Home LATEST NEWS Black hole triggers star formation in dwarf galaxy

Black hole triggers star formation in dwarf galaxy

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Astrophysicist Amy Reines and her colleagues at Montana State University say this black hole is apparently contributing to the explosion of new star formation in this galaxy 30 million light-years from Earth. in the constellation of the Compass.

Henize 2-10, which contains only a tenth of the number of stars present in our Milky Way, sparked a debate among astronomers 10 years ago about the possible presence of black holes in this type of galaxy. dwarfs. Did they harbor black holes commensurate with the supermassive behemoths found at the hearts of large galaxies?, wondered some scientists.

Ms Reines thought from the outset that the distinct radiation in the Henize galaxy came from a massive black hole, though not as supermassive as those seen in larger galaxies. Other astronomers, however, reasoned that the radiation was more likely emitted by a supernova remnant, which would be a familiar phenomenon in a galaxy that is rapidly producing massive stars.

Ten years ago, when I was a graduate student and thought I would dedicate my career to star formation, I looked at Henize 2-10 data and everything changed, says Amy Reines, who published the first evidence of the presence of a black hole in the galaxy.

From the start I knew something unusual and special was happening in Henize 2-10, and now Hubble has provided a very clear picture of the connection between the black hole and a nearby star forming region. located 230 light years from the black hole, she explains.

This connection comes in the form of a flow of gas that stretches out into space like an umbilical cord to a nursery of bright stars. The region was already harboring a dense cocoon of gas when the low-velocity flow appeared. Hubble spectroscopy shows the stream was moving at around 1.6 million kilometers per hour, hitting the dense gas like a garden hose on a pile of dirt and spreading out. Nascent star clusters, whose ages were also calculated by Hubble, dot the path of the outflow, notes the press release published by NASA.

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Opposite effect

What is happening in this galaxy is therefore the opposite of what is observed in large galaxies, where matter falling toward the black hole is carried away by the surrounding magnetic fields, forming searing jets of plasma that travel at near the speed of light.

The clouds of gas caught in the trajectory of the jets are heated there far beyond their ability to cool and form stars. But with Henize 2-10’s less massive black hole, and its smoother flow, the gas is thus compressed, just enough to precipitate the formation of new stars.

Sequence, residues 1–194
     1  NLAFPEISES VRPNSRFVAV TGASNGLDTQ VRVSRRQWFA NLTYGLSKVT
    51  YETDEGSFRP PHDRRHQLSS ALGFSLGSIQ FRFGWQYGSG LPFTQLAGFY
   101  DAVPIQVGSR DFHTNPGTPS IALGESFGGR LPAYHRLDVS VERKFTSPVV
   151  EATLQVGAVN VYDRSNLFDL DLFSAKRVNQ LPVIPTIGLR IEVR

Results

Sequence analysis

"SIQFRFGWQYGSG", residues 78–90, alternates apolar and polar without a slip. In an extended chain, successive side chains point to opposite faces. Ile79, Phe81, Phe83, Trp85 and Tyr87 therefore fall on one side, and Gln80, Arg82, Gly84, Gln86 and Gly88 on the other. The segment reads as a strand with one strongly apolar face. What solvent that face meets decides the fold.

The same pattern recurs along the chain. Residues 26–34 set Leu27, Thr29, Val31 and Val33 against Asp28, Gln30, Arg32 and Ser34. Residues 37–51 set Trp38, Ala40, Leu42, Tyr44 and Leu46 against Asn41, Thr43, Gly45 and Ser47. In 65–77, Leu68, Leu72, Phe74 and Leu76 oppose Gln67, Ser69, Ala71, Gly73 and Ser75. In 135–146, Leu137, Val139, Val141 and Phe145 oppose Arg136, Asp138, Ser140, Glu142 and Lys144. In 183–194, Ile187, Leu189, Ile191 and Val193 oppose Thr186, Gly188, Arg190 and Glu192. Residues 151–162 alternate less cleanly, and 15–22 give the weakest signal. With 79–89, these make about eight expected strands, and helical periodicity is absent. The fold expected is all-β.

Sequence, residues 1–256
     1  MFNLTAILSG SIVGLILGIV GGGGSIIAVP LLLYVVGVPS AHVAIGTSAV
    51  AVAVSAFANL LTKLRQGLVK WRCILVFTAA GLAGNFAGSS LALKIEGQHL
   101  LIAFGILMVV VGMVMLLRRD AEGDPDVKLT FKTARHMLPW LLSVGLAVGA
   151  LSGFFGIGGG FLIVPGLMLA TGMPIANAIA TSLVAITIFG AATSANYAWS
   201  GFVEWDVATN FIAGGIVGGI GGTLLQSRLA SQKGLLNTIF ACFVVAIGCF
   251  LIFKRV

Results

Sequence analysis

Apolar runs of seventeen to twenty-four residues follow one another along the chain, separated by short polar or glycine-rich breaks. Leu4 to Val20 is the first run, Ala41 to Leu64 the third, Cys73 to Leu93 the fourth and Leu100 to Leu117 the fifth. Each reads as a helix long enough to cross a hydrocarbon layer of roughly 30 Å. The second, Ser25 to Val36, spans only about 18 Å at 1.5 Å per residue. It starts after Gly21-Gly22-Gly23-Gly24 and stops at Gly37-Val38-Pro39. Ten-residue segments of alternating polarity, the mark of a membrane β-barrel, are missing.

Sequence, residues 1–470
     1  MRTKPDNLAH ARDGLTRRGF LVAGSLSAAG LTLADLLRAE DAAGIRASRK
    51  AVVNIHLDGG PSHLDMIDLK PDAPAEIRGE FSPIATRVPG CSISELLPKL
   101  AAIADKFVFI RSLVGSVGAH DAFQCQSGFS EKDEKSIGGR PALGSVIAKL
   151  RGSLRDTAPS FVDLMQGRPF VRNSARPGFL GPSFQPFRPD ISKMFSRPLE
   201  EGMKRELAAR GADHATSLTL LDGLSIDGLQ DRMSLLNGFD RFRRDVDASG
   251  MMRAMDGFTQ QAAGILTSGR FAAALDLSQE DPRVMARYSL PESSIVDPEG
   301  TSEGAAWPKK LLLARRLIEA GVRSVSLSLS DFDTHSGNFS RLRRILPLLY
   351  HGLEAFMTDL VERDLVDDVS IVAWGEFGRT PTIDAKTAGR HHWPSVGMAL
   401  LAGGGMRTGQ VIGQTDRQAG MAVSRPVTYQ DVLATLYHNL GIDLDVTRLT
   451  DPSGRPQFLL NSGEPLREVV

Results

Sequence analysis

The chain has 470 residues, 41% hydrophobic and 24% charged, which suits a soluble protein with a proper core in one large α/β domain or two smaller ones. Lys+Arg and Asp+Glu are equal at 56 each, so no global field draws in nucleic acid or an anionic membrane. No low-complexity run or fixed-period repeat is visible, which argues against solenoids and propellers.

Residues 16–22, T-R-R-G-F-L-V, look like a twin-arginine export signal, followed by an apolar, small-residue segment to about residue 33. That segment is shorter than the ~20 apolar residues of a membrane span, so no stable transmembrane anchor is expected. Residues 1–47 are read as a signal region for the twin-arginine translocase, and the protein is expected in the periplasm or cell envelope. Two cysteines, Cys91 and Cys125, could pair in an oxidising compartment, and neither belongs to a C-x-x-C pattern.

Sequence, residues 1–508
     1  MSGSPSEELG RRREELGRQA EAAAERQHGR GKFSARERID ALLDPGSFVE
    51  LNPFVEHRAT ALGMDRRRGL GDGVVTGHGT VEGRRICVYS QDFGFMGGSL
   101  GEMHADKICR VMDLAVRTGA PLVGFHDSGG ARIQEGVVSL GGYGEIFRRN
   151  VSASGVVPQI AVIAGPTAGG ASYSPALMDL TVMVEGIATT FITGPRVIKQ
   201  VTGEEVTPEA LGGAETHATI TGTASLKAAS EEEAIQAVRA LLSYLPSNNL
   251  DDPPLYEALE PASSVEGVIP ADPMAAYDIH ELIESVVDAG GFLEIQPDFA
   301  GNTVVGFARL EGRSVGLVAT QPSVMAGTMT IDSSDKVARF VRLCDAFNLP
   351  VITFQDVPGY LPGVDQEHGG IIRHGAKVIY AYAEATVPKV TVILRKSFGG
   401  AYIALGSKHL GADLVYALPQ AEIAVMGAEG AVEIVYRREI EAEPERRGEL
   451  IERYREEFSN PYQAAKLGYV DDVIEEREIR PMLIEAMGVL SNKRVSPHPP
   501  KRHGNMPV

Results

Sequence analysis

million light-years from Earth, Henize 2-10 is close enough for Hubble to very clearly capture the images and spectroscopic evidence of a black hole outflow. Better, rather than suppressing star formation, the outflow triggers the birth of new stars”,”text”:”Just 30million light-years from Earth, Henize 2-10 is close enough for Hubble can very clearly capture images and spectroscopic evidence of a black hole outflow. Better, rather than suppressing star formation, the outflow triggers the birth of new stars”}}”>Just 30 million light-years from Earth, Henize 2-10 is close enough for Hubble to capture images and spectroscopic evidence of a black hole outflow very clearly. Better, rather than suppressing star formation, the outflow triggers the birth of new stars, says Zachary Schutte, the other lead author of the study published in the journal NatureHave (New window)Have (in English).

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Black holes of interest

The discovery by Ms Reines’ team may well help solve the mystery of the origin of supermassive black holes.

The black holes of dwarf galaxies will be the subject of particular attention in the coming years, in order to use them as clues to elucidate the mystery of the formation of supermassive black holes in the early universe.million solar masses. In larger galaxies, black holes can be over a billion times the mass of our Sun. The more massive the host galaxy, the more massive the central black hole”,”text”:”This is a lingering puzzle for astronomers. The relationship between the mass of the galaxy and its black hole may provide clues. The Henize 2-10 black hole has a mass of about 1 million solar masses. In larger galaxies, black holes can be over a billion times the mass of our Sun. The more massive the host galaxy, the more massive the central black hole”}}”>It’s a persistent puzzle for astronomers. The relationship between the mass of the galaxy and its black hole may provide clues. The Henize 2-10 black hole has a mass of about 1 million solar masses. In larger galaxies, black holes can be over a billion times the mass of our Sun. The more massive the host galaxy, the more massive the central black hole., notes the researcher.

The time of the very first black holes is not something we have been able to observe. So that became the big question: where do they come from? Dwarf galaxies may retain some memory of the black hole seeding scenario that would otherwise be lost to time and space, concludes Amy Reines.

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